March 8, 2014

Behind the Namaste Scene: What I Really Learned as a Yoga Teacher. ~ Annie Au


Ready to quit your day job and become a yoga teacher?

I would like to share with you what really goes on behind the Namaste scene.

Being a yoga teacher presumes the role of teacher, mentor, friend, sage, field psychologist, career advisor and—depending on which style of yoga—an acrobat. If you desire to do what you love, practice yoga most days (if not every day) and have a thirst to learn and share ancient yogic philosophy, it’s a dream job!

I’m sure this sounds fantastic, aspiring and inspirational; I thought so. Some time ago, brave and naïve, I held on to this dream bubble, buckled my yogi belt and tenaciously embarked on my spiritual journey as a yoga teacher. Having worked in the yoga industry for a while now, I finally realized that teaching yoga doesn’t grant us a spiritual status automatically. As humans, at times we fail to meet expectations, deal with our insecurities on and off the mat and battle with our emotions on a consistent basis.

To break it down, I work for a yoga teacher training school.

Instead of teaching regular yoga classes, I get to meet yoga teacher aspirants from all over the world. I spend a month helping them become competent yoga teachers.

The first week is always the most interesting. I witness the vast differences in their ways of coping with new environmental changes, as well as the physical and mental demands of the course. Waking up at the break of dawn for meditation, soaking the yoga towels with sweat in the third yoga class of the day and being buried under pages of homework after a nine-hour day.

These are only a few of the many challenges.

As yoga teacher in this month long intensive, in addition to teaching yoga my job is to extend help, offer challenges, give hugs, encourage and listen with an open mind. After being “on” for at least nine hours, I need to fit in my asana practice, complete administrative work, mark homework and (if time allows) have personal downtime. I am the anchor, support and pillar. By week two, I was already drained.

Exhausted and on edge, I lashed out.

I lashed out at a student because she skipped an afternoon session without notice; and I took it personally. I used an accusatory tone, bluntly stated my concerns with non-acceptance and unsympathetically marched off. Reactively, she perceived my approach as offensive and outrageously mean. I, the yoga teacher who emphasized compassion and awareness, unwarily projected my frustration on a student. How ludicrous?

Upon reflection, I made a bad decision to approach her when I was in an agitated state. A disgruntled mind couldn’t possibly make sound choices. I could’ve waited, observed my internal state and calmly addressed the issue. Rippling from the negative effect, I felt guilty and defeated. My role as an anchor and support vanished in a blink of an eye. I failed to step up to the game.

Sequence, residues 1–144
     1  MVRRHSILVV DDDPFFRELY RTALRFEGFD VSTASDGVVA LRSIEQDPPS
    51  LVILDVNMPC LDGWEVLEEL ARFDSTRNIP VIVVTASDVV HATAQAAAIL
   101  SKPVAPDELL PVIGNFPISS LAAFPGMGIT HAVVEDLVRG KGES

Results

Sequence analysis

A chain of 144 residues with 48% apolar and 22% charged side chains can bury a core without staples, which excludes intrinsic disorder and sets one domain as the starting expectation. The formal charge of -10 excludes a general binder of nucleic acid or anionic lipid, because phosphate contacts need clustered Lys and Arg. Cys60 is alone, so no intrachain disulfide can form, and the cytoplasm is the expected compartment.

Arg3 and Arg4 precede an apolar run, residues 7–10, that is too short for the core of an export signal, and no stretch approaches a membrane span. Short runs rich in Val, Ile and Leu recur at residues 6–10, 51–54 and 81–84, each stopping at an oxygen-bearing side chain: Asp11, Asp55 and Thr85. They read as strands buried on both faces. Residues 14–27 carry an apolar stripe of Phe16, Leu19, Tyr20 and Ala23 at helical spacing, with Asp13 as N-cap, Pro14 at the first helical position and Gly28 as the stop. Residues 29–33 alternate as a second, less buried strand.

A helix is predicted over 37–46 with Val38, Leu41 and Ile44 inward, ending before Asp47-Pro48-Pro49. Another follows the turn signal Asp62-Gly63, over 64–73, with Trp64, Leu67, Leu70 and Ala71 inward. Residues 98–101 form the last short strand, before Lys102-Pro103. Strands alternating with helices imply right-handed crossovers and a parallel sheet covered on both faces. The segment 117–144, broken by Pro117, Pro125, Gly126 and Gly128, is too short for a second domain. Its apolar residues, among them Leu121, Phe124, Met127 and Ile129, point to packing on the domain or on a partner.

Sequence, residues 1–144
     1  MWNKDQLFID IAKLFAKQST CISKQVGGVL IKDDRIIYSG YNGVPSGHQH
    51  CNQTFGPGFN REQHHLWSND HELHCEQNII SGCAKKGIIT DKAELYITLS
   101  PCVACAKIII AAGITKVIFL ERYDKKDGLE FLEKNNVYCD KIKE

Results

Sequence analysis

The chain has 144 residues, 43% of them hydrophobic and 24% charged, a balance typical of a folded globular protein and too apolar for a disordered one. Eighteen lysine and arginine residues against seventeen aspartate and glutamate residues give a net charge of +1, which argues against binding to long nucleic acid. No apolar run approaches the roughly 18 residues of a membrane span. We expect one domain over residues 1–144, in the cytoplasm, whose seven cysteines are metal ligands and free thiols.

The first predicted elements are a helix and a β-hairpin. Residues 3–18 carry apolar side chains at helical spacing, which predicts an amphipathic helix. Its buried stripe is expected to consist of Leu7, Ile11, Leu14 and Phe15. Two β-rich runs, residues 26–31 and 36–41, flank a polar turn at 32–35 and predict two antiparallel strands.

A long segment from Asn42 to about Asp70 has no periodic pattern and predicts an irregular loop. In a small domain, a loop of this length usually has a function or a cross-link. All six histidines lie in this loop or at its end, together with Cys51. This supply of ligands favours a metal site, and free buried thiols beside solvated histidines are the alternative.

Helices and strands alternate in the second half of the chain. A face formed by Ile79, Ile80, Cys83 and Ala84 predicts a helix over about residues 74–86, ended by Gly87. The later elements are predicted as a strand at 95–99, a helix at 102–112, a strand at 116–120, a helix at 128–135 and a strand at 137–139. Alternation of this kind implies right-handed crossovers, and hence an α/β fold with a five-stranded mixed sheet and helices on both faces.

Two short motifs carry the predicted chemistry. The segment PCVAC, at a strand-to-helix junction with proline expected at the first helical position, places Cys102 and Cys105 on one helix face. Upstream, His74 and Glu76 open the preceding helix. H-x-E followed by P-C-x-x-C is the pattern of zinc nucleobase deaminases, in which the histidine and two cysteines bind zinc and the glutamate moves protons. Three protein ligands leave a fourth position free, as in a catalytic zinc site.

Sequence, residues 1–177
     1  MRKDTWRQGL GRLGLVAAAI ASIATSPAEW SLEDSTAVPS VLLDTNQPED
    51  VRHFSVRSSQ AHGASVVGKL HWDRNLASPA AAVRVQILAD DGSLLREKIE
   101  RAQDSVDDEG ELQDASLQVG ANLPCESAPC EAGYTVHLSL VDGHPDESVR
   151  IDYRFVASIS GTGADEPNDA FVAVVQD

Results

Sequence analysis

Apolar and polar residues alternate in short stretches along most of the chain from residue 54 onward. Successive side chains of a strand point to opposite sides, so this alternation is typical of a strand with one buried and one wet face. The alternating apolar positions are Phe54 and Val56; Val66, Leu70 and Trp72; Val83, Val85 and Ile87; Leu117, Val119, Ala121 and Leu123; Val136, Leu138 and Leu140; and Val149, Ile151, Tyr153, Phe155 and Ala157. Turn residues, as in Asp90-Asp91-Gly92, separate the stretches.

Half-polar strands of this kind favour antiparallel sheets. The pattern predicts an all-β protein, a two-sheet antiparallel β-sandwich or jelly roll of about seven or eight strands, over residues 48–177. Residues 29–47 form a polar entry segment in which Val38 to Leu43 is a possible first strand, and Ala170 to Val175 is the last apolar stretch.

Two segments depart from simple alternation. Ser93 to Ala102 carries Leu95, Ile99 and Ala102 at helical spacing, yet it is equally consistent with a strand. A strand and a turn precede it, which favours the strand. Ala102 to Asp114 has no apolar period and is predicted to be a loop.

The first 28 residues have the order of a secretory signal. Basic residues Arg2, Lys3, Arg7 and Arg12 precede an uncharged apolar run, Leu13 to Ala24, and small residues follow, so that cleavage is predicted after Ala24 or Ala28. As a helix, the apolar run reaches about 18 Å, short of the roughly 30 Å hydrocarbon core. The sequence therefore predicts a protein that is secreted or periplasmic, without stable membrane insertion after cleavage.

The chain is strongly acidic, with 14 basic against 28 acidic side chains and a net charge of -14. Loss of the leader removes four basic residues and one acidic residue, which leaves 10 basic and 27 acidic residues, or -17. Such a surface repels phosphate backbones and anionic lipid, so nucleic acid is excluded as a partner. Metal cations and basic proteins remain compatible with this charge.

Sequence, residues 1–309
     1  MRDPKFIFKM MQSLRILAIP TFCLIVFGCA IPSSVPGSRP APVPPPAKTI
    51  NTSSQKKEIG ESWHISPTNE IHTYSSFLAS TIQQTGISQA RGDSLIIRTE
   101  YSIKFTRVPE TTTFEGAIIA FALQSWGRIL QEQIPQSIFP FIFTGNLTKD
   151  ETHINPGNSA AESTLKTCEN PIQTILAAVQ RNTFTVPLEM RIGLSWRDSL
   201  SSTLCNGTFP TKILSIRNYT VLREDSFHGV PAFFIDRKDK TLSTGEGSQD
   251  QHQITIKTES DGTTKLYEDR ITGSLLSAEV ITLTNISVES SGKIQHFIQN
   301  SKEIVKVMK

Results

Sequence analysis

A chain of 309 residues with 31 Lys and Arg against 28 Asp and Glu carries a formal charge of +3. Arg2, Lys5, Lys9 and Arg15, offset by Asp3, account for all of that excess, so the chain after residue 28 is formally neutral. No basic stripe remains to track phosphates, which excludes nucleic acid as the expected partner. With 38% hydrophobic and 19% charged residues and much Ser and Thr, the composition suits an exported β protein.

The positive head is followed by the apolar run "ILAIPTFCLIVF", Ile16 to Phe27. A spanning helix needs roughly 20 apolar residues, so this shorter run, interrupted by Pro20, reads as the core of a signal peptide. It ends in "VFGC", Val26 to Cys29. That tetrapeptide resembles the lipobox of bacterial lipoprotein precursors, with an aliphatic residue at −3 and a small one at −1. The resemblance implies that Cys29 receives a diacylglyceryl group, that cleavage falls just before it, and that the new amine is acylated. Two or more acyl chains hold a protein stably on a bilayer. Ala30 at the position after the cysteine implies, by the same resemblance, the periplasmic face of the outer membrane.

In the eyes of the student, I may have come across hypocritical and surprisingly like a “normal” human being. Yoga students often perceive their teachers as great saints reincarnated from a mystical galaxy that houses pixies and Darth Vaders. We might only be 30-something (or younger) and drink, eat crap, sleep late and yes—experience intense PMS every month.

Of course, not all yoga teachers are like this, but the reality is we do not live in caves, breathe air for breakfast and only chant mantra and not karaoke. In defense of the students, yoga teachers also need a quick reality check. We’re no sages. Patanjali was, not us.

When office workers check into their offices, we Namaste our way to the beginning of our “office day.”

Until I detach from all human emotions, desires and mortality, I just have to continue to deal with my pride, sadness, insecurities and so on. In fact, despite being a teacher or not, we’re all mere mortals who might just prefer matcha to beer and vinyasa over aerobics. So let us all come down from our levitated magic carpets and keep it real.

After a long sleepless night, I put away my over-ridden ego and went to my student.

“I’m sorry.”

Those simple words rolled nervously off my trembling tongue and bounced off my inner walls of fear. The following millisecond of silence I swear seemed like an eternity.

“ Me too.”

Simply stated and that was it, a drama that arose from miscommunication, unawareness and projection ended just as easily as it was created.

I’ve learned from a wise swami that imperfection enriches a person. That way you always have something to learn from. I learned from my imperfection that apologizing for our wrongdoings takes courage and honesty. Not because we’re the teacher; we all have the right to say what we want and do what we like.

In truth, staying on the path of yoga takes practice and tenacity. I’m no different than my students. I may have started my journey earlier than them and with mystical karmic forces, I somehow ended up on the other side of the classroom.

Every day—every moment—I strive to apply what I learn in yoga to my daily life.

Nevertheless, I realize that walking the talk takes conscious effort and unwavering determination. In this modern society, a yoga teacher is not a guru or master of universal life force. A yoga teacher gives it all to their students at their best capacity.

We may slip at times. Our emotions take over and we make humanly mistakes. That doesn’t make us bad teachers, just better students.

So before you embark on the journey to become a yoga teacher, check in with yourself. Are you ready to continuously give, learn and practice? Real yoga is what happens within.

If you’re ready, don’t wait. The greatest job is out there waiting for you.

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Editorial Assistant: Jennifer Moore / Editor: Renee Picard

Photo: courtesy of the author


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